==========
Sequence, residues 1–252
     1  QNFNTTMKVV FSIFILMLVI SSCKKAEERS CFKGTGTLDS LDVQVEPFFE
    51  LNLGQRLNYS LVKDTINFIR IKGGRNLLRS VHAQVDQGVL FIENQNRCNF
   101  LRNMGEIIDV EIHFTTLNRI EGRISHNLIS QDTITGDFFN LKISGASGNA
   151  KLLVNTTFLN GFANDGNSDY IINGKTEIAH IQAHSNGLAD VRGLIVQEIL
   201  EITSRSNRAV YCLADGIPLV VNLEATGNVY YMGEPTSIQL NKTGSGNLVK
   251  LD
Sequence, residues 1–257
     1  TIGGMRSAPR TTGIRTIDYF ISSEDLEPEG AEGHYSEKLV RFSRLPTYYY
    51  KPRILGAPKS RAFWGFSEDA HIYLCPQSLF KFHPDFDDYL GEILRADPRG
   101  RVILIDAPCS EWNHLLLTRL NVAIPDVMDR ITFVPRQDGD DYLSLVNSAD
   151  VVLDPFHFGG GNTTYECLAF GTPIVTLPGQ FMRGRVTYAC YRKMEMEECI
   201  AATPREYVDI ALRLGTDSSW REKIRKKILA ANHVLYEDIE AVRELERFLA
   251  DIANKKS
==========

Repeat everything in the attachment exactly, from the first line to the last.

Sequence, residues 1–252
     1  QNFNTTMKVV FSIFILMLVI SSCKKAEERS CFKGTGTLDS LDVQVEPFFE
    51  LNLGQRLNYS LVKDTINFIR IKGGRNLLRS VHAQVDQGVL FIENQNRCNF
   101  LRNMGEIIDV EIHFTTLNRI EGRISHNLIS QDTITGDFFN LKISGASGNA
   151  KLLVNTTFLN GFANDGNSDY IINGKTEIAH IQAHSNGLAD VRGLIVQEIL
   201  EITSRSNRAV YCLADGIPLV VNLEATGNVY YMGEPTSIQL NKTGSGNLVK
   251  LD
Sequence, residues 1–257
     1  TIGGMRSAPR TTGIRTIDYF ISSEDLEPEG AEGHYSEKLV RFSRLPTYYY
    51  KPRILGAPKS RAFWGFSEDA HIYLCPQSLF KFHPDFDDYL GEILRADPRG
   101  RVILIDAPCS EWNHLLLTRL NVAIPDVMDR ITFVPRQDGD DYLSLVNSAD
   151  VVLDPFHFGG GNTTYECLAF GTPIVTLPGQ FMRGRVTYAC YRKMEMEECI
   201  AATPREYVDI ALRLGTDSSW REKIRKKILA ANHVLYEDIE AVRELERFLA
   251  DIANKKS